(Alex Sherwood) #5

I’m not sure about this. I don’t think Monzo are neglecting security just because they’re small &/or can get away with it. Instead they’re taking a different approach, which might seem less secure (if you’re used to having to complete painful security verification for your legacy bank) but may not be -

Monzo are liable for any fraud due to unauthorised access to your account so it’s in their interest to get this right.

Personally Touch Id is perfect for me & this is an option for iPhone users. It’s on it’s way for Android users too.

But as @anon44204028 will tell you, a PIN would be useful for some users too.

(Patrick) #6

I never understood the necessity to block people from taking screenshots. If someone has accessed that far into the app, least of my worries is them taking a screenshot and screenshots can be greatly helpful. Just the other day I wish I could take a photo of a transaction in my legacy bank account so I could WhatsApp to whom I though had sent me the funds, to ask if that was him.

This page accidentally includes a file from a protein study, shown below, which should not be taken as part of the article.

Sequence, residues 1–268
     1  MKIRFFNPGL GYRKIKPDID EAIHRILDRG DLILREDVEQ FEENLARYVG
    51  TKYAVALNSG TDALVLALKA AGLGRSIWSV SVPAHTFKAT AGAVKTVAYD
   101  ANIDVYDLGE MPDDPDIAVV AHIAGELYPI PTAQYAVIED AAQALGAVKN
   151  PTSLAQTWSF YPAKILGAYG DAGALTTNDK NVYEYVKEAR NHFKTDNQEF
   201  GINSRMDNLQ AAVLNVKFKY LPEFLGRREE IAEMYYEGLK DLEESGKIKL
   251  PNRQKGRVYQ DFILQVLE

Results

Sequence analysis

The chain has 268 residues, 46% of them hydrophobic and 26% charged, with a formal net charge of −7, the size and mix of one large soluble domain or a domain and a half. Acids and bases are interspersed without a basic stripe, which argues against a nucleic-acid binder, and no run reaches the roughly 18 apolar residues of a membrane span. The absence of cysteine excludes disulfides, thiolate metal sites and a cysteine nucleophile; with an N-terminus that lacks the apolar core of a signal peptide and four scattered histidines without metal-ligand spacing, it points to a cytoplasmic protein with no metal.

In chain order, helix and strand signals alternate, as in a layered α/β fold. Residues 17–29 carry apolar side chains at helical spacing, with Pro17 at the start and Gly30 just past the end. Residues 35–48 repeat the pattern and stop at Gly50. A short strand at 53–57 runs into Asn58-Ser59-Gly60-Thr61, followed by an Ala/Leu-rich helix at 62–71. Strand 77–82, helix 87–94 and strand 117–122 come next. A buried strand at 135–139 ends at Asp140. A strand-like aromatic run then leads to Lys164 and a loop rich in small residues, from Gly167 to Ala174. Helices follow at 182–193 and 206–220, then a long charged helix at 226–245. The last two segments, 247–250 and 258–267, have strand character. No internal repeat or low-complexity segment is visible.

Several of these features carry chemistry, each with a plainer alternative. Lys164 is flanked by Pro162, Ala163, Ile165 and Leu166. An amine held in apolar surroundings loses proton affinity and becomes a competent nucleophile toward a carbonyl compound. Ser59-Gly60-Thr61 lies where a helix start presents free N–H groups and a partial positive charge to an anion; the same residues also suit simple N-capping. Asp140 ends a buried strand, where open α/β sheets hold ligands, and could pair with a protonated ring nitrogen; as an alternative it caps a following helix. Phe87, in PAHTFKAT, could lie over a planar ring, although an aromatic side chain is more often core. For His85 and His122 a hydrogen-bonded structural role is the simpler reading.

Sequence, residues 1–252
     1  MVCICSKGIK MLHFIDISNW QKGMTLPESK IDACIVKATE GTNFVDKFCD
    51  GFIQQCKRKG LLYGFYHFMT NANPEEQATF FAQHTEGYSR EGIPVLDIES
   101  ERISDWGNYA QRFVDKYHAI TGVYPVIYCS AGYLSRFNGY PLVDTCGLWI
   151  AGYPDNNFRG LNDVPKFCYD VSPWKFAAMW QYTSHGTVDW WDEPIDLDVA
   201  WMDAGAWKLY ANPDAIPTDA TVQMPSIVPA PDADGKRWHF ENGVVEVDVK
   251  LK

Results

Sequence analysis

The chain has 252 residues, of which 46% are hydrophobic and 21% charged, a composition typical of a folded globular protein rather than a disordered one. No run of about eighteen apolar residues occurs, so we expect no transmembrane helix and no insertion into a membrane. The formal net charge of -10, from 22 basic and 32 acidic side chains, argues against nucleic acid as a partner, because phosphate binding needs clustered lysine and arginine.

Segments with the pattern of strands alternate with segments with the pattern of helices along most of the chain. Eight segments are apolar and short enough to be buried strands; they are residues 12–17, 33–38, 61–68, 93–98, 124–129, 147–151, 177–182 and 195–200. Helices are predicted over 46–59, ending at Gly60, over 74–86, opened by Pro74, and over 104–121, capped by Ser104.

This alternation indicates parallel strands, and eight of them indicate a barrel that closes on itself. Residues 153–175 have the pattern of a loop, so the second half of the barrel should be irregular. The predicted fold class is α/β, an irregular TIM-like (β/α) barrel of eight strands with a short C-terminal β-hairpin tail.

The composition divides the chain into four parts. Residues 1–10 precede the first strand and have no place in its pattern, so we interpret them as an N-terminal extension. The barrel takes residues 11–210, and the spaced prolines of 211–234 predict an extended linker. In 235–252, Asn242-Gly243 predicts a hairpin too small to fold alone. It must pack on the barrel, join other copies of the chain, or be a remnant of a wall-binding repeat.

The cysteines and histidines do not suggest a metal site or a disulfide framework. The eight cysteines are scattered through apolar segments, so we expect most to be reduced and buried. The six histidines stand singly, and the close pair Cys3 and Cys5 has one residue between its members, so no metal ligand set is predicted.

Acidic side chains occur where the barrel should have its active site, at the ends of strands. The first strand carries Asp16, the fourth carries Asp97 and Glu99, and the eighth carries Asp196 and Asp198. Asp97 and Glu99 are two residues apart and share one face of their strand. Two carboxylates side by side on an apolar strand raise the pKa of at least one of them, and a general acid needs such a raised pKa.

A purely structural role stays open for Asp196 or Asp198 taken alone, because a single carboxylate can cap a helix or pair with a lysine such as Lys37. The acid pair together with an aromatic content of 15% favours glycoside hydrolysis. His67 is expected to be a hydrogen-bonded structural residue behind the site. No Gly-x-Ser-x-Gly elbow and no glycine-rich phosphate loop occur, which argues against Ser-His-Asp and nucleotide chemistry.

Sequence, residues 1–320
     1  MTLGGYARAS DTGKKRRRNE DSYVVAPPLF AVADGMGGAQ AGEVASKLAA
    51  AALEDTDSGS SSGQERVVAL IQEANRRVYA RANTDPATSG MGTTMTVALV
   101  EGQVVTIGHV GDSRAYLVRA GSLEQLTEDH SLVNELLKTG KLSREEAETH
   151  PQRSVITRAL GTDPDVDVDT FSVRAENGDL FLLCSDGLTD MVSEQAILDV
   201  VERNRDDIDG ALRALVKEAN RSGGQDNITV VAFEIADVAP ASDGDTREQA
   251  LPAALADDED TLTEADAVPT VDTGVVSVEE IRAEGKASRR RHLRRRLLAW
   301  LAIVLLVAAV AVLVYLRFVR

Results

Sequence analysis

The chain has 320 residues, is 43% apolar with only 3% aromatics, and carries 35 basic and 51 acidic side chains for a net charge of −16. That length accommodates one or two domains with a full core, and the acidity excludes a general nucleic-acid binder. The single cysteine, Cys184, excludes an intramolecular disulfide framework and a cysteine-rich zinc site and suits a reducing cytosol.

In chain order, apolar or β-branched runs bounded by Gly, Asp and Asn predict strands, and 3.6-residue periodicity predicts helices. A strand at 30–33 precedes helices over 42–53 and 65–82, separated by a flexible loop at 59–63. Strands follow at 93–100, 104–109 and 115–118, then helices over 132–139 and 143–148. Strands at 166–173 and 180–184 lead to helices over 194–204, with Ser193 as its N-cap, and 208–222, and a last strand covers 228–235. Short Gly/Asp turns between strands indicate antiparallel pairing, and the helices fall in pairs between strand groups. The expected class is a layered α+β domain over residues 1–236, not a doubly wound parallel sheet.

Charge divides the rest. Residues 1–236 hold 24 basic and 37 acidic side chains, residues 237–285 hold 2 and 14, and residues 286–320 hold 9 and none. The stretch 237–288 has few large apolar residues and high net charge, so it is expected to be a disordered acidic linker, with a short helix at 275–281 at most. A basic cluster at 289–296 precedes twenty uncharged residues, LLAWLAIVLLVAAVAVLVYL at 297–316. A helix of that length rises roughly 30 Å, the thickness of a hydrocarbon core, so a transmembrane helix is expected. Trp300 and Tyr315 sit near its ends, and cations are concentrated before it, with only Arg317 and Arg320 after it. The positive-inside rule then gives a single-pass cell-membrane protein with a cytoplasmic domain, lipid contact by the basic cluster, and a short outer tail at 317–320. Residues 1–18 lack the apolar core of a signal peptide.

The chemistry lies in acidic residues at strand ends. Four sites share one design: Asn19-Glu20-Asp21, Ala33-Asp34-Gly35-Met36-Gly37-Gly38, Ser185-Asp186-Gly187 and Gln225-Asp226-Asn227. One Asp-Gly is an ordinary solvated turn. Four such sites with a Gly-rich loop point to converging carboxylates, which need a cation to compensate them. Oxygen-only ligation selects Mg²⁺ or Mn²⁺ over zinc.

What benefit would it be for Malware to take screenshots of my transactions?

(Marta) #7

I don’t think transactions are the weak point. Access to data like account info, email registered, as well as address - this is more sensitive.

(Patrick) #8

Whoever is viewing that information, but unable to screenshot, is still accessing said information. Can they not write all this on paper with pen? To me security should prevent unauthorised people from accessing that information in the first place. I would seriously question why anyone is that far into my data and attempting the screenshot in the first place. Damage limitation in event of unauthorised access feels wrong to me, security focus should lie much earlier in the process